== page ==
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Activity #19: The Density of Minerals
To have the students realize the usefulness of density as a physical mineral test; to have them gain practice in performing density tests.
One (1) Class period.
Physical mineral tests are still extremely useful in field situations where limited equipment and resources often prevent the use of more sophisticated identification techniques. Like hardness, fracture/cleavage, streak, and luster, the density test is a very useful and simple test to perform which aids greatly in common mineral identification.
Specific gravity, which is virtually identical to density, is the ratio of the weight of a substance (mineral sample) to the weight of an equal volume of water at a specified temperature. Since most tests are performed at room temperature with ordinary tap water at ~ 20 degrees Celsius, it is assumed that the volume of the water in milliliters is identical to weight of the water in grams. Thus 45 ml of water weighs 45 grams. This assumption simplifies matters greatly. Due to the historical nature of most mineralogy textbooks, the term specific gravity (abbreviated Sp.Gr.) is still commonly used.
While there are a number of methods of determining density, the following is the simplest technique. Weigh a pure specimen of a mineral in air. Slide the sample into a graduated cylinder filled with water to a predetermined level. Observe the increase in the water level. Divide the weight of the mineral sample by the volume of the DISPLACED water and this equals the density. Thus a 42 gram sample that displaces 11.6 ml of water has a density of:
42 g / 11.6 ml = 3.62 g/ml
The accepted values for the density of the minerals tested are as follows: quartz = 2.65, galena = 7.5, garnet = 3.5-4.3, feldspar (microcline) = 2.5-2.6
Each group of students will need a 50 ml graduated cylinder, a 250 ml beaker, one sample of each of the following minerals - quartz, galena, microcline, garnet; pocket calculator, pens, and notebooks. The class as a whole will need access to pan or electronic balances with 300 gram minimum capacity. The mineral specimens need to be as pure as possible; small single crystals are ideal for this activity. Be certain that all specimens will slide easily in and out of the graduated cylinder.
Students should weigh each specimen and record its weight to two decimal places if possible. Fill the graduated cylinder with 20 ml of tap water. Discuss proper reading technique of the meniscus if students are not practiced in the use of graduates. Gently, so as not to spill or splash any water, slide the specimen into the graduated cylinder and below the level of the water. Record the INCREASE in the volume of water. Have students record this data in the data table and calculate the density of the mineral. Repeat this process for the other three mineral species. Be certain to refill the graduated cylinder to exactly the 20 ml mark before each new immersion. Have students look up the accepted values of density for the minerals they have tested. Record these values in the data table and compare. See student sheets.
SPECIAL SAFETY PRECAUTIONS
If students are familiar with percent error calculations you may wish to have them calculate any degree of error associated with the activity and see if students can determine a REASON for the cause of the variation. The most common cause is an impure sample. For example, many galena samples contain varying amounts of silver which would change the density. The formula for % error is:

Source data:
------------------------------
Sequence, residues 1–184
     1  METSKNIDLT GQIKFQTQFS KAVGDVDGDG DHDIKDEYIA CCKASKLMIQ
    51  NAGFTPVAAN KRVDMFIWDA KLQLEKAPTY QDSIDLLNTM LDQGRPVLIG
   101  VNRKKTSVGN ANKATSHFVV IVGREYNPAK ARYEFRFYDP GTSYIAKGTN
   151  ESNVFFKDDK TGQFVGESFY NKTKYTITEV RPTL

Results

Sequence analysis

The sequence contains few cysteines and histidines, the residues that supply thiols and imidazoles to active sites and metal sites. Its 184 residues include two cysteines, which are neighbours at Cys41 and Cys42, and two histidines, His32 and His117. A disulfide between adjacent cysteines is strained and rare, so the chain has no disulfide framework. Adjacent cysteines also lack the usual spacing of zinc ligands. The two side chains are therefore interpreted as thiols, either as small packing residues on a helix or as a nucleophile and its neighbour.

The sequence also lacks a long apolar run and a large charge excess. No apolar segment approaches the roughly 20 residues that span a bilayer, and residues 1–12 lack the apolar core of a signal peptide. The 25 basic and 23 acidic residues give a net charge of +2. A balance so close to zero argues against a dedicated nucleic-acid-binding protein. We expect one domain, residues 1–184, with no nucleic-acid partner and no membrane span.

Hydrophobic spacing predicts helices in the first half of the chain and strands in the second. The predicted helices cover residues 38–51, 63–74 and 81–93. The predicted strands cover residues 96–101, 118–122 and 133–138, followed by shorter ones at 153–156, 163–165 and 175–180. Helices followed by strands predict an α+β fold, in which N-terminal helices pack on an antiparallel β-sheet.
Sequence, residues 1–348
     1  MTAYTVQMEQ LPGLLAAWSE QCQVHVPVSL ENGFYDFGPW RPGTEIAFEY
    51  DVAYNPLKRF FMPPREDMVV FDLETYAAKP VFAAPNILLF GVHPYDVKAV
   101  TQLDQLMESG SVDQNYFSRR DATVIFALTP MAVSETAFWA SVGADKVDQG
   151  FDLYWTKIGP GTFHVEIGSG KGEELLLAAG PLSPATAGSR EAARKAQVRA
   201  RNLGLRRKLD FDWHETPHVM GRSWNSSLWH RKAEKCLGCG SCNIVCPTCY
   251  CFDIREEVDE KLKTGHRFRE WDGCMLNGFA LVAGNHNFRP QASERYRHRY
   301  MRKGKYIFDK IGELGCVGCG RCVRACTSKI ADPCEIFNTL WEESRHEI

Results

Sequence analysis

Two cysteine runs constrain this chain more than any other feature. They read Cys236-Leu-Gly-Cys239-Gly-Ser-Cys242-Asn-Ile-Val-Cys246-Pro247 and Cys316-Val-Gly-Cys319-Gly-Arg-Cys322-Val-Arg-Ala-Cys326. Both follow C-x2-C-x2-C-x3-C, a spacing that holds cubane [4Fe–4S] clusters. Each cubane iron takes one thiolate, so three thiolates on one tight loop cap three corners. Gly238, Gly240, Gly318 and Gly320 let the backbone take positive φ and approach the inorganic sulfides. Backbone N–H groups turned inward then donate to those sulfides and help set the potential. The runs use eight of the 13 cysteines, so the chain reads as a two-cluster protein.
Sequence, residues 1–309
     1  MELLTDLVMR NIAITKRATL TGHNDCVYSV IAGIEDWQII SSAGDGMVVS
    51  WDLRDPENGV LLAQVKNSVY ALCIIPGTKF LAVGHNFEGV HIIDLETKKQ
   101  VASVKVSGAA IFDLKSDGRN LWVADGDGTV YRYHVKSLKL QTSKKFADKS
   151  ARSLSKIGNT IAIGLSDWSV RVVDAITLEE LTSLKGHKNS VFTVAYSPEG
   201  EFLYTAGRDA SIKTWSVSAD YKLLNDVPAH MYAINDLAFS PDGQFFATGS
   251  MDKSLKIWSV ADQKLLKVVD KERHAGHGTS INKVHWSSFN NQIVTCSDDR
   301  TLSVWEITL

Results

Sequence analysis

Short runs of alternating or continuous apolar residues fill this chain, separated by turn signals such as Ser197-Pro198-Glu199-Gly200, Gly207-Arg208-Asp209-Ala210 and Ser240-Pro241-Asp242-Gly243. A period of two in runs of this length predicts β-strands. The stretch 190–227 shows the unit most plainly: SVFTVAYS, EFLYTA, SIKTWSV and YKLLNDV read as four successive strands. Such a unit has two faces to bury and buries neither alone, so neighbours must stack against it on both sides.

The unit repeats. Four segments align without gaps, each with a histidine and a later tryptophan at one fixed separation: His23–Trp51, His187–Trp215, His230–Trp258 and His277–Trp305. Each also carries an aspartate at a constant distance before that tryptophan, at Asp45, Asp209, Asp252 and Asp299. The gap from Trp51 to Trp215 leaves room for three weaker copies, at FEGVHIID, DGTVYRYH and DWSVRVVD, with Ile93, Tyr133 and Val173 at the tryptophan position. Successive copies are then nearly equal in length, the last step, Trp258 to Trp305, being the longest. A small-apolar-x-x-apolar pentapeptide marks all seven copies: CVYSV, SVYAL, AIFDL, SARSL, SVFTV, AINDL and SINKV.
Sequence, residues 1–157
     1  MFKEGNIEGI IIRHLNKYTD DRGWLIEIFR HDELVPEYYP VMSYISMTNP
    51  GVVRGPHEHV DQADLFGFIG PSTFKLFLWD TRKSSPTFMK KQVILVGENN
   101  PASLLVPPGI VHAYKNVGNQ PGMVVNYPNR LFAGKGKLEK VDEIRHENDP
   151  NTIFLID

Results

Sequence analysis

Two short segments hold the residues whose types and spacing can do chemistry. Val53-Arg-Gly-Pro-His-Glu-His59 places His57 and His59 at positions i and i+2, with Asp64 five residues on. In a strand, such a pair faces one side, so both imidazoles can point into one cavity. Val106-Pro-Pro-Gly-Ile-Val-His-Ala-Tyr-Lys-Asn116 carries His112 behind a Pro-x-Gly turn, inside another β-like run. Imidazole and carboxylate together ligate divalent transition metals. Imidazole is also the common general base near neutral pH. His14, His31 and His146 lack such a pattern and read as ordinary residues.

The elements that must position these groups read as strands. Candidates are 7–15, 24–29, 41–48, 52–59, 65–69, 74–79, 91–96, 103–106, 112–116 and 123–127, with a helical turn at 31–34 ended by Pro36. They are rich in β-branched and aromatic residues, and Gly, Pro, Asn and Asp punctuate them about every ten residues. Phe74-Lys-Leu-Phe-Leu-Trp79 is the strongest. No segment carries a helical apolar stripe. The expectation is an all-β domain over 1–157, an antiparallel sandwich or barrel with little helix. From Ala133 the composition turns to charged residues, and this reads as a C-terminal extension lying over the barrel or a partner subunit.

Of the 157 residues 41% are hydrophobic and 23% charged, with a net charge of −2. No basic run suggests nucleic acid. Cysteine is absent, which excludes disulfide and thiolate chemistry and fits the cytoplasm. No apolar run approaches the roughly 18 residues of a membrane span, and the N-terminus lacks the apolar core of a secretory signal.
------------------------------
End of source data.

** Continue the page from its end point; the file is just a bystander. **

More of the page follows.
% E = (Standard Value - Experimental Value) / Standard Value X 100
That is, the absolute value of the difference between the standard value and the experimental value, divided by the standard value multiplied by 100.
Have students "heft" a sample of pure quartz (density 2.65) in each hand, separately, and have them get a feel for it. Quartz is so common that it is easy to find pure samples in the field and it thus makes a good field standard. Once they have the feel for quartz, try pure samples of other common Maine minerals.
Activity developed by Duane Leavitt.
Activity #19: The Density of Minerals
In this exercise you will learn to use density as a diagnostic property of minerals; you will also gain practice in calculating density.
Each group of students will need a 50 ml graduated cylinder, a 250 ml beaker, one sample of EACH of the following minerals - quartz, galena, garnet, and feldspar; a pocket calculator, pens, and notebooks. The class as a whole will need access to balances for weighing.
Weigh one of the mineral specimens and record the weight to two decimal places if possible. Fill the graduated cylinder to the 20 ml mark with water. Tip the graduated cylinder so that it makes about a 45 degree angle with the table top and very GENTLY slide the mineral specimen into and totally below the surface of the water. Be careful not to splash any of the water. Return the graduated cylinder to the upright position; let the water come to rest and read the increased volume in the cylinder. Record this data. Calculate the density of the mineral by dividing the weight by the volume of water displaced. Carefully pour the mineral out of the cylinder; refill the cylinder with water to the 20 ml mark. Repeat this process for the other minerals you are to test, making certain to fill the water level back to 20 ml before each new test.
1. What are the units associated with the calculation for density? What do these units mean?
2. Do ALL of your density values agree with the standard values listed in your textbook or provided by your teacher? If the answer is no, explain why this variation may exist.
3. Look up the formula for the mineral tourmaline, record it below. What do you think happens to the density of tourmaline crystals as the amount of iron in them increases?
Last updated on October 6, 2005
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